A “Conflict-Free” Minerals Goal

Intel has been regularly updating our progress on conflict minerals in white papers, Corporate Responsibility Reports and blogs. Recently, we set an internal goal around manufacturing a “conflict-free” microprocessor, and that goal was shared with Intel employees through a video by Brian Krzanich, Intel’s Chief Operating Officer. The video and goal were intended to inspire employees and set a challenging target for Intel.

We define a “conflict-free” microprocessor as a microprocessor that is made with metals (tin, tantalum, tungsten and gold) only from smelters that are validated to be conflict-free.  In reality, our products may already be free of conflict minerals,  but that’s the issue – you don’t really know unless you have a system to validate – which is what Intel and other industry members have been working towards.  This is still very much a stretch goal for us, as all of the pieces to achieve this goal have not yet come together.  We have mapped out most of the supply chain (over 90%) and have identified most of the smelters, but there are still some roadblocks and obstacles we need to overcome to achieve this very challenging goal.

In support of transparency, we decided to share the video externally and publish the goal in our latest U.S. Securities and Exchange Commission annual 10-K report. Intel has disclosed and integrated corporate responsibility information into our 10-K for a number of years, so it made sense to disclose the goal there.  I hope our goal will inspire other companies to set their own goals (either internal or external) around conflict minerals, and that collectively our efforts in the long-term will improve the situation in the DRC and surrounding region.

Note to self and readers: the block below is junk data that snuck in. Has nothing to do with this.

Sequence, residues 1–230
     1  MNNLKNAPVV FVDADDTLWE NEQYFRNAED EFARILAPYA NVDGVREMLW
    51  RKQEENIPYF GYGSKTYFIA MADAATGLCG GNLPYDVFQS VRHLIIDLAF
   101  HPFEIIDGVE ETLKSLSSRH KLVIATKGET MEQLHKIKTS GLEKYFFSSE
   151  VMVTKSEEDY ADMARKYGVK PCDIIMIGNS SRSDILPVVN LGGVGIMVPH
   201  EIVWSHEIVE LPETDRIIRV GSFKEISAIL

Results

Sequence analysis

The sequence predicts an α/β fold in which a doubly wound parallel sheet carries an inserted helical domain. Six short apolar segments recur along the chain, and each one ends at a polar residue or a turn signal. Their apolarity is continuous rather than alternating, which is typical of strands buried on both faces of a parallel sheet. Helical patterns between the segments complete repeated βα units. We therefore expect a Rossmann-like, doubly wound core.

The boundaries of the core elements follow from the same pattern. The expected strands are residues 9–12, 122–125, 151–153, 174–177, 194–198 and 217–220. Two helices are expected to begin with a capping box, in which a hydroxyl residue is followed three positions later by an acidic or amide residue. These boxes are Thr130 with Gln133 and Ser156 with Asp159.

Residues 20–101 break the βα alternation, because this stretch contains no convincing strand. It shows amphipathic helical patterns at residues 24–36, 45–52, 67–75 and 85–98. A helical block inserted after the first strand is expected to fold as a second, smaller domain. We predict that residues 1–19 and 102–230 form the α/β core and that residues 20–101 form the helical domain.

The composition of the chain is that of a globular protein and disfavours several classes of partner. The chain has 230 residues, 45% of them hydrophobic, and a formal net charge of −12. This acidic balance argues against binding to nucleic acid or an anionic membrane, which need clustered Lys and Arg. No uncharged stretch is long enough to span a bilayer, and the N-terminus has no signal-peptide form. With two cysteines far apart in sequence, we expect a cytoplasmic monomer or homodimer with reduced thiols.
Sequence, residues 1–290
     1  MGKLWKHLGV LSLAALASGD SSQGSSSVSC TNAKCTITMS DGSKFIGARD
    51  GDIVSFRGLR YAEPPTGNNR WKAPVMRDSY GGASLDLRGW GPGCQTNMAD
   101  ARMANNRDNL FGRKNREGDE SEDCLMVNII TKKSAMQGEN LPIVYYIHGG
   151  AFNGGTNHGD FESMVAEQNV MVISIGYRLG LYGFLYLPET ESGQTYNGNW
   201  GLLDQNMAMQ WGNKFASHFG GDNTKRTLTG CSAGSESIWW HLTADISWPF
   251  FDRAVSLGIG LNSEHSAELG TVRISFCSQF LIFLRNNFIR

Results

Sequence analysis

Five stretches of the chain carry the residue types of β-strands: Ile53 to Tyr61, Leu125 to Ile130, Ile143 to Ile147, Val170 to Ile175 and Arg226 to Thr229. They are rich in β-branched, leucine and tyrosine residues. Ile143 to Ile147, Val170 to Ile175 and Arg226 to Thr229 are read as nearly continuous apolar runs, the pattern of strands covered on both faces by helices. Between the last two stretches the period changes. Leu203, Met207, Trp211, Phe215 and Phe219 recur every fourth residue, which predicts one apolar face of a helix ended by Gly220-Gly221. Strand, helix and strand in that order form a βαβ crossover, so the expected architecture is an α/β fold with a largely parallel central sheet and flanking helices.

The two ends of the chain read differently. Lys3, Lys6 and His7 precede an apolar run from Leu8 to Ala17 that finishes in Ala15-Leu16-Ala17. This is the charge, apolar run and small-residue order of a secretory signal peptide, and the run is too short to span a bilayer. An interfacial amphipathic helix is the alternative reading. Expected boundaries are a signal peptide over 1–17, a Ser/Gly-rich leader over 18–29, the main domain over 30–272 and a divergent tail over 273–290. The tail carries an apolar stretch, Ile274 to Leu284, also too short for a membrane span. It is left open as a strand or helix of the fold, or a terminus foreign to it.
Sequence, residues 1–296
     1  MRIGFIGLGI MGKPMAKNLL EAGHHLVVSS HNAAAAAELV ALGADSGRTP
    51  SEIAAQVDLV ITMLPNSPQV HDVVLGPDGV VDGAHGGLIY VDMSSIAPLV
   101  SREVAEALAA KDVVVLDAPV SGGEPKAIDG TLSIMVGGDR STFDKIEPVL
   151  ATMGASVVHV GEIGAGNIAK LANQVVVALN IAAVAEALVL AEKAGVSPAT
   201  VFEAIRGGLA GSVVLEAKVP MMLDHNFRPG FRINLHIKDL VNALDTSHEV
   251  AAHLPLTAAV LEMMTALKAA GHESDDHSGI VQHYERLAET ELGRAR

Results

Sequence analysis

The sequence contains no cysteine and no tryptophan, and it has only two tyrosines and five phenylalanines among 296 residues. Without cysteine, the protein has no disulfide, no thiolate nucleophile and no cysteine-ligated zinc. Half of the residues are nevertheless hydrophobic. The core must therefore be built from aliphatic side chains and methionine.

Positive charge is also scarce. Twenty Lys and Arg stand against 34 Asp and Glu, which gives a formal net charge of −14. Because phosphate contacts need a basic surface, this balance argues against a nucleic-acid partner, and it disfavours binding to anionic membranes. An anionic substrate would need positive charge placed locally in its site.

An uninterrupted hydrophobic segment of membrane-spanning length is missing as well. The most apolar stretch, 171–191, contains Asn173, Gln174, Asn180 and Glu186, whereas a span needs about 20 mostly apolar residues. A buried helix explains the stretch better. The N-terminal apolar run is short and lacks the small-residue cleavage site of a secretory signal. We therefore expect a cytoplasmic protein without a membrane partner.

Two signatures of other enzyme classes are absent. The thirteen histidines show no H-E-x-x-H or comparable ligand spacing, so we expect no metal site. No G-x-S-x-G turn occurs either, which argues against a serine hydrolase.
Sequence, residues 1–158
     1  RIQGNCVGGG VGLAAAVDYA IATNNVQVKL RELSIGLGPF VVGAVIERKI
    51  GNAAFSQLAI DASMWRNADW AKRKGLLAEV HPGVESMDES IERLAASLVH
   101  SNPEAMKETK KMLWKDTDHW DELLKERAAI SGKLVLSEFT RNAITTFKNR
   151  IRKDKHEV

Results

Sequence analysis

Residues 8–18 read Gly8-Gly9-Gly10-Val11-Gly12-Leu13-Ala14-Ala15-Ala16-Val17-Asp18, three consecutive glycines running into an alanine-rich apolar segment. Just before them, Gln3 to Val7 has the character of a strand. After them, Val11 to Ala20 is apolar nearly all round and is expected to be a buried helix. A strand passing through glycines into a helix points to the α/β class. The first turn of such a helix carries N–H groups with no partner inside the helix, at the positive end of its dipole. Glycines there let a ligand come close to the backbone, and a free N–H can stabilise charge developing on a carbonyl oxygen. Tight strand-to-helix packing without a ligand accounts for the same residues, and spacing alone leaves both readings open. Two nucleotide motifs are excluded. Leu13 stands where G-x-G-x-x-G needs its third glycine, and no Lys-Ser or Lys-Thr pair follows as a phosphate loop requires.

Read the new conflict-free microprocessor goal in our latest 10-K report.

6 Responses to A “Conflict-Free” Minerals Goal

  1. Max Karst says:

    It is exciting that Intel and human rights groups are realizing the damage done by the defacto embargo on all minerals from DRC and are finally taking the steps to reach out a hand to help the legitimate artisanal miners. I have been involved with developing a co-op mine in South Kivu for a year and a half. Check out my blog at congomine.com for the story. We had to stop development just as we were ready to begin production because as soon as DF1502 went into effect last summer, there was no market for any ore from Eastern DRC. Finally now, it seems there is hope. I would be anxious to hear from anyone at Intel to lend my two cents of experience from the other end of your supply chain. Thank you.

  2. Steven Walker says:

    Dear Intel: I am a human rights activist for campaigns in east-central Africa. I have watched the conflict minerals issue in eastern Congo for some time. I GREATLY applaud your campaign for the elimination of conflict minerals from your products. I’m very pleased that you appreciate that legal mining in eastern Congo is essential to support “good economics” in a war torn area. Your actions will literally prevent people from being killed or maimed and women and girls from being raped (and a lot more!) I will let others know of Intel’s commitment. You also set the stage for other companies to do the same. Again…a heartfelt thank you to Intel! Steve Walker Denver Colorado

  3. Pingback: Intel working toward conflict-free chip | Suburban Guerrilla

  4. Dave says:

    Proud to see my good friends Bob, Jerry, the CSR team and BK leading the industry efforts on this issue. Nice job folks. And nice video.

  5. Pingback: Intel sets goal to make first conflict-free chip by 2013 | Conflict Free Telecoms